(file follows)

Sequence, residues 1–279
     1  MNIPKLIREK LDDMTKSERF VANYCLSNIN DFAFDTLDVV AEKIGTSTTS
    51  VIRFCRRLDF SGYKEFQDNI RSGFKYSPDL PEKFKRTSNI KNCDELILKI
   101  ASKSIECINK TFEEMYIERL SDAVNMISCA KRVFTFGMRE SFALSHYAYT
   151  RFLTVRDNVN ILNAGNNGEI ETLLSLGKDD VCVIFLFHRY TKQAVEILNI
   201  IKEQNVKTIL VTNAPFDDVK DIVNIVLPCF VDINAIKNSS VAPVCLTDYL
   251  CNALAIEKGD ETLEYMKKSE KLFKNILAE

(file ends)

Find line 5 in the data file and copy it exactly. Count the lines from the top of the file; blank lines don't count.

   151  RFLTVRDNVN ILNAGNNGEI ETLLSLGKDD VCVIFLFHRY TKQAVEILNI